AUGUST FEATURES: Mountain Lions.
Mountain lions are ambush predators that eat mostly deer. These large cats help keep prey populations, such as deer, in check. This helps to prevent overbrowing of trees and shrubs in riparian areas. (This month’s artwork by 6th grade student, Linneae Crandall.)
TRACKING MAMMALS – MOUNTAIN LIONS
- Mountain Lion Tracks are:
- 2.2 – 4.2 in (5.7 – 10.5 cm) long.
- 1.6 – 4.3 in (4.1 – 10.9 cm) wide.
- 4 round toes show in the track. The inside toe (toe 1) is higher up the leg and does not usually register.
- Sharp, retractable claws rarely show.
- The track is asymmetrical. Toe 3 is the longest and is useful for determining side of body. Track is flat with toes and palm pad registering about the same depth.
- Palm pad is trapezoidal with 2 lobes at the anterior end. Palm pad is proportionately larger than in canine tracks, usually about the size of 4 toe pads.
- Front track is wider and more asymmetrical than the hind track.
DID YOU KNOW…. The full moon this month falls on August 15th. It is named after North America’s largest fish, the lake sturgeon. Other names for this Full Moon include Grain Moon, Green Corn Moon, Fruit Moon, and Barley Moon, all inspired by various crops that can be harvested in August.
The lake sturgeon has a greenish-grey color and a pointed snout with two pairs of whisker-like tactile organs dangling near the mouth. It is sometimes called a “living fossil,” as it belongs to a family of fish that has existed for more than 135 million years.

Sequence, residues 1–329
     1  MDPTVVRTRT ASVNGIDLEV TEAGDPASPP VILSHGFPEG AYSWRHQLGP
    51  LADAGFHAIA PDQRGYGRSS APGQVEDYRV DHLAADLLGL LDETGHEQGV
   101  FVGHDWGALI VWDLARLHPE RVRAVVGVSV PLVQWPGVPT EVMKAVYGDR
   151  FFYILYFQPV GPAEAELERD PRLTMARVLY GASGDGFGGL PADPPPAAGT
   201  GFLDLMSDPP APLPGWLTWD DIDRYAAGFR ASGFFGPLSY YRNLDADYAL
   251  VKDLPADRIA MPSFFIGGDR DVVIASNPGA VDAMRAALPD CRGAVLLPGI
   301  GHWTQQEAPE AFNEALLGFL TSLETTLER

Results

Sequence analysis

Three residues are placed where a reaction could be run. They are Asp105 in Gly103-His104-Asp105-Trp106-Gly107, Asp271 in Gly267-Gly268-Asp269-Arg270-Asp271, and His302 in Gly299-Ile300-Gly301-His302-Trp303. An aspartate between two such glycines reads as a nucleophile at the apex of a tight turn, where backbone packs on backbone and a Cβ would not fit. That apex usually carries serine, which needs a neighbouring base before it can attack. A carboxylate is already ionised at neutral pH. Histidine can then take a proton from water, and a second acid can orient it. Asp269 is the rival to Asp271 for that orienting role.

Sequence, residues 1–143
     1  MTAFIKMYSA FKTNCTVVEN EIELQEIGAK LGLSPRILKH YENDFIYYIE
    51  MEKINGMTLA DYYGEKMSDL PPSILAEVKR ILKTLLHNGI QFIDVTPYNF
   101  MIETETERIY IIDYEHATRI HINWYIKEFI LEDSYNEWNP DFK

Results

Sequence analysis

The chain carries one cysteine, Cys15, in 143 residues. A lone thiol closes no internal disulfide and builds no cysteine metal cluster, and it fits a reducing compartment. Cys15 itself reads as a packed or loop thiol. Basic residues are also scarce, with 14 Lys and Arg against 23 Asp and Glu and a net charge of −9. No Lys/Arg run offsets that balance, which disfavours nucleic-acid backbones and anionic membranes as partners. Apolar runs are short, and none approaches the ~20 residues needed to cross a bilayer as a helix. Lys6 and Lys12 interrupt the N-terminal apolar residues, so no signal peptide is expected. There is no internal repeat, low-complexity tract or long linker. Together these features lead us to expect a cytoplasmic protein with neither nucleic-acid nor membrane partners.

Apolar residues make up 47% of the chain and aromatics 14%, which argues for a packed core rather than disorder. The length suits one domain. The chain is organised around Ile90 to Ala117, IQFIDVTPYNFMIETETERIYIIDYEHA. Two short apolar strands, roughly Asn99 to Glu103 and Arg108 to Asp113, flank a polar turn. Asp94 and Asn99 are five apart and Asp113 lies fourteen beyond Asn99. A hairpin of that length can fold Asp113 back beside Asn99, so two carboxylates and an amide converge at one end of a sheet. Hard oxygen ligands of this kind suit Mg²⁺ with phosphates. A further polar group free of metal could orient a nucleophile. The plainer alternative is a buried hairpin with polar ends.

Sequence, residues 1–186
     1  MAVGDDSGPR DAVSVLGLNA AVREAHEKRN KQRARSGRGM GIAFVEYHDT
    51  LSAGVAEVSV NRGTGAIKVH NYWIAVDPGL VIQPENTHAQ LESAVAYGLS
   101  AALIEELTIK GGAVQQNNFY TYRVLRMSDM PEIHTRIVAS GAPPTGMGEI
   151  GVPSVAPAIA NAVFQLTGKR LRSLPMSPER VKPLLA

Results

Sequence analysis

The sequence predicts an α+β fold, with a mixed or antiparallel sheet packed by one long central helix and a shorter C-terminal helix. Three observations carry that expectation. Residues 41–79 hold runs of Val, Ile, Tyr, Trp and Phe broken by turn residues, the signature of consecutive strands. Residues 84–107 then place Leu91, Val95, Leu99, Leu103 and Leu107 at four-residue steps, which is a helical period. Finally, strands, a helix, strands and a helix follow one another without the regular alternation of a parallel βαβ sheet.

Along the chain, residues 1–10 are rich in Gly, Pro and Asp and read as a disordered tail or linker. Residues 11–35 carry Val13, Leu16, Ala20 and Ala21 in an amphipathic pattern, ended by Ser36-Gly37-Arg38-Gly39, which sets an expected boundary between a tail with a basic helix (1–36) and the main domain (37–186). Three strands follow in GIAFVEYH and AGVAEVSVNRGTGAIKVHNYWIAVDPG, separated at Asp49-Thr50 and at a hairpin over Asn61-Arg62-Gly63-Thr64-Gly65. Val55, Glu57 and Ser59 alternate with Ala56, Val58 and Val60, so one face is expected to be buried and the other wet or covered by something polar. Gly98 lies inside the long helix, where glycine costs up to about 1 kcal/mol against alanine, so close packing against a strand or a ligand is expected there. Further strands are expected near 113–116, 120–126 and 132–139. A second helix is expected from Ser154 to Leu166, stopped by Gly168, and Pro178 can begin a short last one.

Lake sturgeons are extremely long-lived. The males can reach 55 years, while females can live up to 150 years! And they can grow to be enormous. They are the American continent’s largest fish and can grow to over 2 meters long (6 feet) and weigh around 90 kilos (200 pounds).
Lake sturgeons do not only live in lakes; they also live in rivers, but not in the ocean. This monster fish used to be a major part of the ecosystems in North America’s Great Lakes, Hudson Bay, and in the Mississippi River, and they were once found all the way from Canada to Alabama. Today, the lake sturgeon has become one of the rarest fish in North America because of intense overfishing in the 19th century, pollution, and damage to their habitat and breeding grounds due to agriculture and lumbering.
The Living with the Methow Calendar is available each year at Methow Arts and numerous location. These are free to the public with funding and support is provided by Washington Department of Ecology and Bonneville Environmental Foundation. Additional support from Methow Salmon Recovery Foundation, MRC partners, Bureau of Reclamation, the Methow Valley School District, Washington State Arts Commission, the National Endowment for the Arts, the Community Foundation of North Central Washington, Methow Valley Fund, PSFA, Icicle Fund, and generous members of Methow Arts.